One-year countdown: is it time to open a Help to Buy ISA?
From 30 November 2019, the Help to Buy ISA will no longer be available for new investors, leaving individuals with a little over a year to set one up.
This type of ISA has been going for almost three years and allows first-time buyers to save up to £200 a month and gain access to a government bonus of 25%. However, the bonus is only paid out after completion so cannot be used towards the initial deposit. Around 1.2 million Help to Buy ISAs have been opened so far.
While the initiative has been helpful for first-time buyers, Sarah Coles, personal finance analyst at online fund broker Hargreaves Lansdown, suggests that savers should think carefully before rushing to open a Help to Buy ISA.
“Last orders are being called for the Help to Buy ISA, because from November next year, you won’t be able to get your hands on one. But as the bell rings and staff check their watches, there’s no need to scramble to get a swift one in before it’s too late, because you may be far better off elsewhere,” Coles explained.
She suggests that the Lifetime ISA (LISA) could represent a sound alternative for some savers.
“For many people it’s a more sensible solution. It offers a bigger allowance, a bigger bonus paid more quickly, and far more options over what to do with your money. In fact, if you already have a Help to Buy ISA, it may even make sense to transfer,” she added.
The LISA launched in April 2017 and is available for those aged between 18 and 39. Savers are able to use the proceeds from the tax-efficient scheme to either buy a first home or to contribute towards retirement, with the government offering a 25% annual bonus on contributions made (which can total £4,000 each year).
Coles notes that 50,000 LISAs have been opened on Hargreaves Lansdown and the platform has already seen hundreds of people use the proceeds of their LISA to buy a property.
To find out more about the benefits of a LISA versus a Help to Buy ISA, check out the table below:
|Help to Buy ISA||Lifetime ISA|
|Government bonus on contributions||25%||25%|
|Maximum bonus||£3,000 (on the first £12,000)||£32,000|
|Maximum house prices||£250,000 (£450,000 in London)||£450,000|
|When is the bonus paid?||At house purchase – after the exchange (so it can’t be used for the deposit)||Monthly|
|ISA allowance||£1,200 in the first month, and £200 a month thereafter||£4,000 a year|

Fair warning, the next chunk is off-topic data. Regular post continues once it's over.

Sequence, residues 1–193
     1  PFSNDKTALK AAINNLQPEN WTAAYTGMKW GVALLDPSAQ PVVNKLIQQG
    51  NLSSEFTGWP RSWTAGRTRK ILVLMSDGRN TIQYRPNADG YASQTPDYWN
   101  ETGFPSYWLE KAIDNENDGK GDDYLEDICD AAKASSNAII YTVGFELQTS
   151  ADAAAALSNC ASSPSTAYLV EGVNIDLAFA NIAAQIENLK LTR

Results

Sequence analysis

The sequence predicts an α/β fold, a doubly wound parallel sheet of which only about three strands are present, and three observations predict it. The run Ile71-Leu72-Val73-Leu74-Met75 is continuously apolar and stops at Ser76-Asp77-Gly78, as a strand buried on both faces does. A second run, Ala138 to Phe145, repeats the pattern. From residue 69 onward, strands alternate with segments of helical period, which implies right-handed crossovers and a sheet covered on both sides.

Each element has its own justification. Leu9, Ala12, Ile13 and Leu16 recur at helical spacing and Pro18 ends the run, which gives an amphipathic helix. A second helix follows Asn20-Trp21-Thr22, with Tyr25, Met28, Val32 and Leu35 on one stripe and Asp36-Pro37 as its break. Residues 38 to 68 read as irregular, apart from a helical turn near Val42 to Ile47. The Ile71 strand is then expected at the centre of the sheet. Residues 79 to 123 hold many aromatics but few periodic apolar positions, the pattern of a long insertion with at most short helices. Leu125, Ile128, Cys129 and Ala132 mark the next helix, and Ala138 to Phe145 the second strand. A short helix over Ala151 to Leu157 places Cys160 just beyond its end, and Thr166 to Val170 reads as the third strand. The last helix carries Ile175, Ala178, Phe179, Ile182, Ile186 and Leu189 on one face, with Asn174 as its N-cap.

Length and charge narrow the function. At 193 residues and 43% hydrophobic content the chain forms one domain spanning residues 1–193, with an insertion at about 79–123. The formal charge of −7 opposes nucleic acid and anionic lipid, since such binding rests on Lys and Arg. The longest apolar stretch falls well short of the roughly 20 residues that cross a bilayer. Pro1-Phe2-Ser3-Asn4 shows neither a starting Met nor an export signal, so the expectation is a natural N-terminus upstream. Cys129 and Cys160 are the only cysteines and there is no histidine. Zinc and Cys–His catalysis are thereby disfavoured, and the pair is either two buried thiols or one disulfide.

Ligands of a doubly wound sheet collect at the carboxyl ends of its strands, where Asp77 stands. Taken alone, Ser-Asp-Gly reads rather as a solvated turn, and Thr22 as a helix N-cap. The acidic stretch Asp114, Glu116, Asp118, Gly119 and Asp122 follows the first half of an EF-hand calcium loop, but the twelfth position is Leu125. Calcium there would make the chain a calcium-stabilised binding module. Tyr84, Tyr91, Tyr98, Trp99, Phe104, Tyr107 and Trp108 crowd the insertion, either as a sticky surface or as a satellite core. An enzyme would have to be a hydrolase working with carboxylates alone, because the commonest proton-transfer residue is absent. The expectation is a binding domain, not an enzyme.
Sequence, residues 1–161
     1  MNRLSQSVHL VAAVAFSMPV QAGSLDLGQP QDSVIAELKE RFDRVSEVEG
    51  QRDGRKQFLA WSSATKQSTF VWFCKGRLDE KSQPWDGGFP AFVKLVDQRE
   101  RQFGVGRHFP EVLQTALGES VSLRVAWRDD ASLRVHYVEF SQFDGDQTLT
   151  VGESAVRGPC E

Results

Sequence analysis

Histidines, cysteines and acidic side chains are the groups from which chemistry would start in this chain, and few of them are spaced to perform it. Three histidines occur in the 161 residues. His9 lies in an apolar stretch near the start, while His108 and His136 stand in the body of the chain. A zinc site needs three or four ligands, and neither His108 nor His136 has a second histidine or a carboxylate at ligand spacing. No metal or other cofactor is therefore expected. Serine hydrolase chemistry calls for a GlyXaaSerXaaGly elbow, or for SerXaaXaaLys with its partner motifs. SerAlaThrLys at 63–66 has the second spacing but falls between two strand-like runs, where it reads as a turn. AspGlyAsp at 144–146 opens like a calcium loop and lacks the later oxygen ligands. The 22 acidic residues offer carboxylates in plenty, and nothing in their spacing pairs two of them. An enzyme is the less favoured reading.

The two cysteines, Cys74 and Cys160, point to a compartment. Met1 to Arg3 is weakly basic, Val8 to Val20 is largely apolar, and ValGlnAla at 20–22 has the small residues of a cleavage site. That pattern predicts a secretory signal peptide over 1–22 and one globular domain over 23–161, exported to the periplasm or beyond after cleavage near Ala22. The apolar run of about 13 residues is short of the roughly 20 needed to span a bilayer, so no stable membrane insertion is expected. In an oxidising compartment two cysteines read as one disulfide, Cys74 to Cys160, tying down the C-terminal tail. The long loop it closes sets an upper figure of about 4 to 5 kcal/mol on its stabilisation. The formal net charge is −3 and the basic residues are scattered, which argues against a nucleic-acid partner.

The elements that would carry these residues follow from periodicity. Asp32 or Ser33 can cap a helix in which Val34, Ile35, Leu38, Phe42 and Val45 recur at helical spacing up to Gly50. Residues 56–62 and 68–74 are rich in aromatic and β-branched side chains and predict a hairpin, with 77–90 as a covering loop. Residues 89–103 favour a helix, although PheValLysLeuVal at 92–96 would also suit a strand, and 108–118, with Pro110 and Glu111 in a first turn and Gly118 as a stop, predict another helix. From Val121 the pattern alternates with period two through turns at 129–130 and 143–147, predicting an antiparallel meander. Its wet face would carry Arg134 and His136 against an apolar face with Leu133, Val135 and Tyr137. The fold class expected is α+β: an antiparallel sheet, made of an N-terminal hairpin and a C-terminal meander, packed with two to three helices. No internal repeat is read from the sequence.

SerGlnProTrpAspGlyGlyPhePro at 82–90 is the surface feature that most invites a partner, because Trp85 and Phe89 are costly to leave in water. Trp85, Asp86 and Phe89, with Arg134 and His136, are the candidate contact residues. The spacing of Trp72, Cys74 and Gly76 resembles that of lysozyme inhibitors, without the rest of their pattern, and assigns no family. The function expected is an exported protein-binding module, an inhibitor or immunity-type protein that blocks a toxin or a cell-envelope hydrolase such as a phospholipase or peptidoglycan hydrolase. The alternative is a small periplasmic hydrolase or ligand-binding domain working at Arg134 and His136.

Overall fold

|When can you make contributions||Monthly (up to £200 a month from month 2, which cannot be rolled over)||Any time|
|What can you save/invest in||Cash||Cash or stocks and shares|
|What can you do with your ISA once you’ve bought a house||Nothing. It closes at this point||Continue investing for retirement – withdrawal from age 60|
|What if you don’t buy a house||You withdraw the cash and don’t get a bonus||You can continue investing for retirement, or withdraw the cash and pay a penalty|
Source: Hargreaves Lansdown
Should you transfer to a LISA?
Transferring an existing Help to Buy ISA into a LISA will provide you with a bigger allowance, a bigger bonus and access to other benefits. However, it’s important to note that any money you transfer will come out of this year’s LISA allowance. Effectively, you can only transfer up to £4,000 a year – and after this point, you won’t be able to make any further contributions for the rest of the year.
Coles adds that if an individual has the maximum amount in a Help to Buy ISA (£8,000), this would stop them from making additional contributions until April 2020. In addition, savers can only benefit from the bonus if they purchase a property 12 months after opening the LISA – if a property is purchased before the individual won’t receive the benefits.
However, for savers with only a small amount saved in a Help to Buy ISA, a transfer could make sense, according to Coles.
“Bear in mind, you can always use the Help to Buy ISA for a house purchase, and consider opening a LISA for retirement savings after your house purchase, if it suits your circumstances,” she added.